OBSERVATION: What if You Had a Bad Dad?

Some dad’s are/were genuinely great – worthy of praise and gratitude. Others were or are outright jerks or villains. Most fall somewhere between these extremes. How well you did in the dad lottery is something you had no influence on. If you got a good one, enjoy your good fortune and be grateful. If your father falls short or even far short of deserving Hallmark Card sentiments, at least don’t feel guilty either for his failures or for your feelings.

It’s okay to resent a bad dad and look back with regret rather than gratitude. Just don’t dwell on  what you missed and resolve to apply all you learned on what not to do so that you are the best parent you can possibly be. Maybe your children will owe a debt of gratitude to your bad dad since it made you such a better dad or mom.

Comments 3

  1. thank you for this! seeing the tons of ‘happy father’s day to the best dad in the world’ crossing my newsfeed on facebook, it’s great to see an acknowledgement of those situations where we had less than stellar fathers.

    1. Post

      I’m glad you found value in this I’ve posted quite a few other thoughts you might find interesting on this whole parent-child thing.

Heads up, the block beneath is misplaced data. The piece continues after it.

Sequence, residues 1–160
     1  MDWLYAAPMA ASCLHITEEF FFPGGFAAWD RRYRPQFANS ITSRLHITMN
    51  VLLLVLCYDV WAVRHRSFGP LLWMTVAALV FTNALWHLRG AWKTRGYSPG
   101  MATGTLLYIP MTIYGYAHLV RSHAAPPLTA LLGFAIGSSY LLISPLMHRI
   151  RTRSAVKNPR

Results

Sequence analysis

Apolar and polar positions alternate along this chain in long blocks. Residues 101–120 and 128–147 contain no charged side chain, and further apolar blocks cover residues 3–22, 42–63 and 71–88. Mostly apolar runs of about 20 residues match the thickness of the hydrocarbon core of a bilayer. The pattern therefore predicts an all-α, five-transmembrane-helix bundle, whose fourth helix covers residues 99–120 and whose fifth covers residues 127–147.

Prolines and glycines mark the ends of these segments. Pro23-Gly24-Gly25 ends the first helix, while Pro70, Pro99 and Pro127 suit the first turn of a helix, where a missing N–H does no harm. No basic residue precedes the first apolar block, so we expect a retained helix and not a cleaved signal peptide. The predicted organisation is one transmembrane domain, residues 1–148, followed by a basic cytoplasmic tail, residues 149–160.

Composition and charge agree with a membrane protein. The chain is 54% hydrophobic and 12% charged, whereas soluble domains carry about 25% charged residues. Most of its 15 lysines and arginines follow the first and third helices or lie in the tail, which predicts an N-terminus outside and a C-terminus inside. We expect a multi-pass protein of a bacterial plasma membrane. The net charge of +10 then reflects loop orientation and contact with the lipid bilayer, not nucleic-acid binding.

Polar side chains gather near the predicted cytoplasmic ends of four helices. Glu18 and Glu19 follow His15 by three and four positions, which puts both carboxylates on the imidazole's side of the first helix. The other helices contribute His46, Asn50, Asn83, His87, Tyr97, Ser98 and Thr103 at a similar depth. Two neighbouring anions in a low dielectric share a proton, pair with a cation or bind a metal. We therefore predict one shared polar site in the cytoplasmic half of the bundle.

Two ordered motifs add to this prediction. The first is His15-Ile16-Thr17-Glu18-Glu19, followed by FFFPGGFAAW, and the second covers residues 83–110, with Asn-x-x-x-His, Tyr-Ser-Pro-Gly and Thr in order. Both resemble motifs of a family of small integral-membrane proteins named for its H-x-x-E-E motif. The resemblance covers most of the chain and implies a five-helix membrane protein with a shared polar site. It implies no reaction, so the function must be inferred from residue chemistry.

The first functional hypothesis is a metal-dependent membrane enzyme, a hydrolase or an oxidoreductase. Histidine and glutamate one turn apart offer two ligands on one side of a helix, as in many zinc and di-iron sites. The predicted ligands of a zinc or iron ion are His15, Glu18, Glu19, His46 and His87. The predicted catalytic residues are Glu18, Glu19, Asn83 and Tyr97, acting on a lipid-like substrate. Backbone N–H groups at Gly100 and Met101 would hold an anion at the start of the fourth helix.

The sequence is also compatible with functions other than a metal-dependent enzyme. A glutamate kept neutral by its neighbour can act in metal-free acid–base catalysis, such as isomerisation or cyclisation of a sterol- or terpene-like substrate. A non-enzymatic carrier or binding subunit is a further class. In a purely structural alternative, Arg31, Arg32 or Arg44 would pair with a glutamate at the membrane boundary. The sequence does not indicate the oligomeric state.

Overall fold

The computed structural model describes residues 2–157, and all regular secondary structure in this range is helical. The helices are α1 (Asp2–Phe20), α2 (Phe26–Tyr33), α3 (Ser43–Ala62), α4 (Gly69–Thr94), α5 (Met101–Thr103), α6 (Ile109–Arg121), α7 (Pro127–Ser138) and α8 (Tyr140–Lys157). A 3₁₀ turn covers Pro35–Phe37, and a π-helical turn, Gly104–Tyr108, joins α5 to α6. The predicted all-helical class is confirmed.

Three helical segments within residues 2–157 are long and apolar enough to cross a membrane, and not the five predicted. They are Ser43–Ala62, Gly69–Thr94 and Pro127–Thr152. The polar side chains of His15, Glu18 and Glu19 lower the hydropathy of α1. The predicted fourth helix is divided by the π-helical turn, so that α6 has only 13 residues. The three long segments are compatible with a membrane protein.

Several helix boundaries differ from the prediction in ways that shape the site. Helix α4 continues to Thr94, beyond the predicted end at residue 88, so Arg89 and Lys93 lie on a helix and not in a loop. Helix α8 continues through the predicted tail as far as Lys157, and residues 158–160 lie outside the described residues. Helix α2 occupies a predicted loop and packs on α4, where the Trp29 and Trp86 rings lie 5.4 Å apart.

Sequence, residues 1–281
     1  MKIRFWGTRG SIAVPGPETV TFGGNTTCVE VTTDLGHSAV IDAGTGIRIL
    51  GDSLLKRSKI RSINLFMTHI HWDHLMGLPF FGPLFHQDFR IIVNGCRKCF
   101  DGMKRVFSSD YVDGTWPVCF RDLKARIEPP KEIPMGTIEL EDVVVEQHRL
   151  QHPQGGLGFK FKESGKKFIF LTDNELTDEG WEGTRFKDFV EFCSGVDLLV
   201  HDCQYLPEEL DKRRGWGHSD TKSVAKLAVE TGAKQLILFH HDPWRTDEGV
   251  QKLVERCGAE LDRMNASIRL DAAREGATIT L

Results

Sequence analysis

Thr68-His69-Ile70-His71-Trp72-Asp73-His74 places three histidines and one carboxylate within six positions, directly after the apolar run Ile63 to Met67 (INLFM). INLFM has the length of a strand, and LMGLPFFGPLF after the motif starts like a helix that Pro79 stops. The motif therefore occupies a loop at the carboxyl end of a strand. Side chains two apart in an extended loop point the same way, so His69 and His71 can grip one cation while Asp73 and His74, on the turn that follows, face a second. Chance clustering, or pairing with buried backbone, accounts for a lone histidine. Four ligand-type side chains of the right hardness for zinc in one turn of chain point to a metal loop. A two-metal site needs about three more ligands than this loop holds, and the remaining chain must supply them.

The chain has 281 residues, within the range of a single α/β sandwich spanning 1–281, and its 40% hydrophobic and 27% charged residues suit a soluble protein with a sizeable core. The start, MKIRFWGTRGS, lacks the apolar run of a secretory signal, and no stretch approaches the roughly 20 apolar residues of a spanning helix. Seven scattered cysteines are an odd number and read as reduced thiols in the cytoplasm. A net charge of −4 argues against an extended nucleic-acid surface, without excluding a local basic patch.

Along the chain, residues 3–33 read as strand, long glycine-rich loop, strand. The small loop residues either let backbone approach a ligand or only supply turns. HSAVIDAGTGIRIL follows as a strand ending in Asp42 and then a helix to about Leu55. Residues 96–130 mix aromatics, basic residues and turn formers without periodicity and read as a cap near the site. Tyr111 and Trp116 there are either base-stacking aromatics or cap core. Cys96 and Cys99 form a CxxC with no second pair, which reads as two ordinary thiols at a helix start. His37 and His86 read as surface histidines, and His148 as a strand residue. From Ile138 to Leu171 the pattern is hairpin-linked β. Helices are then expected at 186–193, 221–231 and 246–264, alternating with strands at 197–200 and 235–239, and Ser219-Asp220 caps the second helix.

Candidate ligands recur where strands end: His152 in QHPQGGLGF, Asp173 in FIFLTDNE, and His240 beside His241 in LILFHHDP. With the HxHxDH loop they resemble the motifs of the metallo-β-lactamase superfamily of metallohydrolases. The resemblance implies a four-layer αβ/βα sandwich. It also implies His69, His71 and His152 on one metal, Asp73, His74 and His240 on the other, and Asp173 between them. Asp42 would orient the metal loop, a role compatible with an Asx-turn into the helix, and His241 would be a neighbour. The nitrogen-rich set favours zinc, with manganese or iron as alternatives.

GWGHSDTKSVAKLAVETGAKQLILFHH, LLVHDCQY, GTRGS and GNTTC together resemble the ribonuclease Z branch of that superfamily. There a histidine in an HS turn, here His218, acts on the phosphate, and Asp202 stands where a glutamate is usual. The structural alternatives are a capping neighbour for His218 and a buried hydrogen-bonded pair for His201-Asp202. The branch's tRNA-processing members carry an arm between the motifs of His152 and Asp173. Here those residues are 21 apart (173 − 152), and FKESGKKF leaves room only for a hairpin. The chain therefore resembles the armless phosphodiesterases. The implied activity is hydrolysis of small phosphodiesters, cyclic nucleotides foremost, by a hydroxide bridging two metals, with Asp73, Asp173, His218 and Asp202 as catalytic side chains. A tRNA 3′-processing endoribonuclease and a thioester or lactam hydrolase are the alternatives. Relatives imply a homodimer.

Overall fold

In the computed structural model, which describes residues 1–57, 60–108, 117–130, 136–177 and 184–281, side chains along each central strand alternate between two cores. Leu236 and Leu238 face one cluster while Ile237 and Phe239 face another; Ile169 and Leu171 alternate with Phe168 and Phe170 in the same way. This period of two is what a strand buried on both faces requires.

2. My father was an alcoholic, abuser, bad role model in pretty every sense. I realize somewhere in his growing up, something was missing in his home, in is care taking, disciplining, in his emotional nurturing. When it came around to his turn of being a father, he had very little to give. It turned out that for my brothers and sisters (two of each from a previous relationship he had) that was the father we had. Obviously, note easy on our mothers first, then in ourselves. I count it then a miracle that we all turned out sane, emotionally broken, but sane. We each made our decisions in life and now it’s our turn as parents. I think of how I’ve failed as a parent and it hurts a bit, but I don’t live with the guilt. I live with the humble recognition that I was not so lucky but at the same time, I am so blessed.

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